Malawi arrests ex-justice minister over murder attempt
08 November 2013, 13:53
Blantyre, Malawi - Malawi police said Friday they have arrested axed justice minister Ralph Kasambara over a failed assassination attempt on a corruption-busting treasury official.
Paul Mphwiyo, the budget director in the finance ministry, was shot and wounded outside his house in September just as he was about to expose a government corruption ring.
The former justice minister is the fourth suspect to be arrested over the assassination attempt.
"I can confirm about the arrest of Kasambara last (Thursday) night because he is a suspect and we want to establish his involvement in the shooting incident," national police spokesman Kelvin Maigwa told AFP.
Mphwiyo, 37, was flown to South Africa for medical treatment after the shooting.
He took up the corruption-busting job in July and was credited with overhauling a public finance system that had previously been full of loopholes, allowing fraud to go unchecked.
At the time President Joyce Banda's office said the plot was "a planned and targeted attack aimed at silencing him and the government in the fight against high levels of corruption and fraud."
Banda took over as president in April 2012 after Bingu wa Mutharika died suddenly.
Widely welcomed by the international community as Africa's second woman leader, she has received flak over the millions of dollars that have gone missing in government fraud.
Several public servants have been arrested over the past two months on suspicion of swindling the state of more than $20 million in what has been dubbed the Capital Hill 'cash-gate' scandal, named after the seat of government.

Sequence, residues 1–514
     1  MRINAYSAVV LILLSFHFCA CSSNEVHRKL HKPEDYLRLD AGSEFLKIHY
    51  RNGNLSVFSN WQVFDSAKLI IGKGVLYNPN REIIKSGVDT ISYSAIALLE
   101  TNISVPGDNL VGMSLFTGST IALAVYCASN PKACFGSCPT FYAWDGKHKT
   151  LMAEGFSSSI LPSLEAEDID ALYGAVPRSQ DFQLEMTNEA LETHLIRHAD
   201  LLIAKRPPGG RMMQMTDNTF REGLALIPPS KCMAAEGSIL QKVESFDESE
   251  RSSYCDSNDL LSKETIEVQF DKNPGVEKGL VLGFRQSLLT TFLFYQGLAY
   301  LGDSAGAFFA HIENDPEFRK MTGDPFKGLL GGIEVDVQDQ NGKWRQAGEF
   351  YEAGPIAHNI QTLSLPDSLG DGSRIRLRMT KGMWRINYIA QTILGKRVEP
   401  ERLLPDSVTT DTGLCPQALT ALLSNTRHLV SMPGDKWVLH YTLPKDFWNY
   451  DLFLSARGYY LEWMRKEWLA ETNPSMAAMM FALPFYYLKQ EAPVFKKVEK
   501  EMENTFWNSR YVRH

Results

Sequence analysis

Kasambara, aged in his early 40s, became justice minister and attorney general in 2009 under Mutharika, though relations between the two soured later on.
Banda retained him as minister when she took power, but separated the attorney-general portfolio into a separate office.
As donors threatened to withdraw funding, Banda last month sacked her entire cabinet, including Kasambara, after reports that some were lining their pockets from state coffers in the deeply impoverished southern African state.
It is estimated that as much as one-third of the impoverished country's revenue is lost to fraud and graft-linked payouts.
International funders last week threatened to withhold budget aid to Malawi unless the government got serious about rooting out widespread corruption and restoring fiscal discipline.
The plunder of state funds had "seriously dented the confidence in the government's financial management system," said Sara Sanyahumbi, who heads the donor grouping which includes European countries, the European Union and the World Bank.
Malawi relies on donors for 40 percent of the state budget.